In 1984, Congress passed the Drug Price Competition and Patent Term Restoration Act, also referred to as the Hatch-Waxman Act, primarily to balance incentives for pharmaceutical firms to make the investment to develop new drug applications (NDAs) through limited patent term extension provisions based on regulatory market delays, with additional provisions for generic drug companies to file abbreviated new drug applications (ANDAs) to bring cheaper versions of drugs to market after patent expiration.
Section 271(e)(1) provides protection for competitors from pre-commercial sales infringement as long as their activities are reasonably related to the development and submission of data under a Federal Law.
By its language, however, 271(e)(1) is not limited to entities seeking to produce generic drugs, and could be invoked by any organization seeking to make, use, sell, or offer to sell a patented invention so long as the use is reasonably related to the development and submission of information for FDA approval.
Determining the extent of the safe harbor protection from patent infringement has been the source of so much legal debate for the last two decades because in the words of the Supreme Court in Eli Lilly v. Medtronic, the hastily drafted 1984 statute is simply not plainly comprehensible in anyones view.
It was initially understood that 271(e)(1) was implemented to balance the patent term extension provided to patentees for regulatory approval delays under 35 U.S.C. 156. Extensions under 156 can be obtained for new drugs for human use, new Class III medical devices, new food or color additives, new animal drugs, and new veterinary biological products.
The Federal Circuit extended the safe harbor protections of 271(e)(1) to Class I and/or Class II medical devices, stating that the language of 271(e)(1) makes no distinction among the different FDA classes of medical devices or drugs (Abtox v. Exitron).
The courts have since determined that the manufacture and the sale of devices to a hospital, which are then used to generate data for the FDA, are exempt from infringement. Additionally, continuing to sell patented devices to hospitals even after the submission of an application for pre-market approval falls under the 271(e)(1) exemption since a company may need further data to satisfy the FDA requirements.
Selling devices for further clinical trials after FDA approval has been obtained, however, would not fall under the safe harbor exemption since the information obtained would no longer be necessary to satisfy FDA requirements.
One lower court has held that the safe harbor statute reaches all the way up the chain to research that involves identifying analogs. In Bristol-Myers Squibb v. Rhone-Poulenc Rorer, the court for the Southern District of New York held that the safe harbor immunizes early-stage research to develop analogs.
The defendant was infringing the patents-in-suit, covering certain intermediates (taxane derivatives), to research and develop analogs of taxol. While the research group was identifying 23 analogs per week and conducting therapeutic screening tests, the Rhone court, however, simply held that the safe harbor applies to the intermediates.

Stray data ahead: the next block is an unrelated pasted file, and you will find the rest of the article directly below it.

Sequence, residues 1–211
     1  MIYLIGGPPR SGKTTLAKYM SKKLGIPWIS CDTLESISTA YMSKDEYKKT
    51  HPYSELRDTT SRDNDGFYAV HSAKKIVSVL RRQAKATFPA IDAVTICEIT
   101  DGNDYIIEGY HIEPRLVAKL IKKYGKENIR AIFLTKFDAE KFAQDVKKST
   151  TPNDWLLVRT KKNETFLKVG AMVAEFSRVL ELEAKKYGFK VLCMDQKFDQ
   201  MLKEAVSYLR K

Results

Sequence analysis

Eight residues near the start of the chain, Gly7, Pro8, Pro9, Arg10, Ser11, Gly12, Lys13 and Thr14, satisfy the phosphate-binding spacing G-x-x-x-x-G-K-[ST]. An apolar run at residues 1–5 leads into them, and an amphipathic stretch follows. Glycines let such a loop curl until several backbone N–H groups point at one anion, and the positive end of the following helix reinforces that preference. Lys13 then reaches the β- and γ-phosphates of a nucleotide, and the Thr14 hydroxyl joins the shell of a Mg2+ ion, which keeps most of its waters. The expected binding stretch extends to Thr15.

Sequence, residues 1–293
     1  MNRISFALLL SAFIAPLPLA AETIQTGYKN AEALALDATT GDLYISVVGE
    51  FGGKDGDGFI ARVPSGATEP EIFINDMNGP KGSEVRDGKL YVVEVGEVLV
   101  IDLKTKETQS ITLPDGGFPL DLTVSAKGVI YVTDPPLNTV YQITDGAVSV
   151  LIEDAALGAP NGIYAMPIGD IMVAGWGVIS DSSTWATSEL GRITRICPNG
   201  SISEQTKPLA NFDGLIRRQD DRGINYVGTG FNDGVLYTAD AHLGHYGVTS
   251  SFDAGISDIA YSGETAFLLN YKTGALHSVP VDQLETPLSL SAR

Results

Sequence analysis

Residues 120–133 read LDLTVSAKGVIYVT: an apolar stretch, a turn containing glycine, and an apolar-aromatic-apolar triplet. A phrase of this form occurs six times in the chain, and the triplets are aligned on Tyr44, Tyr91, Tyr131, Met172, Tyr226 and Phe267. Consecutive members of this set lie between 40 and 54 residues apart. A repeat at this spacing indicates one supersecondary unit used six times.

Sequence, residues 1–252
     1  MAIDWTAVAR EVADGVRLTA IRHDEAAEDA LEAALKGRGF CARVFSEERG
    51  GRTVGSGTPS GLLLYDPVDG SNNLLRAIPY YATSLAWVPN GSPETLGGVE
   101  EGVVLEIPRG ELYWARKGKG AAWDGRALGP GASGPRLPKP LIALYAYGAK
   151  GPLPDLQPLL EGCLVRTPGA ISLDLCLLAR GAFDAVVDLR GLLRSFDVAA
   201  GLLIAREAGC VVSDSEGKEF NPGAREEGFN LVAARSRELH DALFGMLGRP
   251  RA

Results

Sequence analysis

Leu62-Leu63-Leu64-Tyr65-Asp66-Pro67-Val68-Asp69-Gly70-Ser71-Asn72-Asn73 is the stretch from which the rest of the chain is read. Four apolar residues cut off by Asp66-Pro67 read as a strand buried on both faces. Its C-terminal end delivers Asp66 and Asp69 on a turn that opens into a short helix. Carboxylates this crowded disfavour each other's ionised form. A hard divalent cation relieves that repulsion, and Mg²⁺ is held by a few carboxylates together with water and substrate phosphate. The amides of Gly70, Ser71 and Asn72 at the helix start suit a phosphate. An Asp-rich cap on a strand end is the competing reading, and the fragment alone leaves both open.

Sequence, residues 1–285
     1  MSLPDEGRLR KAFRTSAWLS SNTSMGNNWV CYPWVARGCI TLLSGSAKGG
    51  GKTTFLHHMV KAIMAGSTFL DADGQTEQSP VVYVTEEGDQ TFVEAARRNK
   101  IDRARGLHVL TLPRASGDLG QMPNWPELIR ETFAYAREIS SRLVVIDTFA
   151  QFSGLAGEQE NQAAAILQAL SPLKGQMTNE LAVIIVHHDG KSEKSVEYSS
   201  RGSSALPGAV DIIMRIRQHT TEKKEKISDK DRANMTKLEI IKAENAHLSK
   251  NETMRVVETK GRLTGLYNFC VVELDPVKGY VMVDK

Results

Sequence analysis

On the other hand, the court for the Western District of Wisconsin held that the protection of 271(e)(1) does not extend to protect the use of a research tool not regulated by the FDA in Infigen v. ACT. Infigen was the assignee of patents claiming a process for activating bovine oocytes for use in cloning cattle and claiming a bovine embryo culture medium used to grow and develop bovine embryos.
Both Infigen and ACT were interested in the development of transgenic cattle that would produce a pharmaceutical drug in their milk, and the commercialization of such a drug would require FDA approval.
The court stated that the safe harbor exemption did not apply to the product or methods claimed by the Infigen patents since the patent claims were not eligible for FDA-based patent term extension under 156.
While the 156 distinction has been deemed moot by more recent holdings of a broader safe harbor exemption, the question now remains whether such activity is still reasonably related to submission of information to FDA, or is an infringement of a research tool patent.
Despite the Supreme Courts recent ruling in Merck v. Integra, there is still insufficient clarification of whether the use of a patented research tool to develop therapeutic agents regulated by FDA is protected by the safe harbor exemption. The Court specifically declined to address the topic in Merck.
Research tools were defined by the 1998 NIH Working Group on Research Tools as embracing the full range of resources that scientists use in the laboratory, including cell lines, monoclonal antibodies, reagents, animal models, growth factors, combinatorial chemistry libraries, drugs and drug targets, clones and cloning tools (such as PCR), methods, laboratory equipment and machines, databases, and computer software.
When the Federal Circuit applies the facts surrounding the preclinical drug discovery research conducted on behalf of Merck under the guidelines established by the Supreme Court in Merck v. Integra, observers hope for further clarification as to which patented research tools are eligible for the safe harbor protections from infringement liability.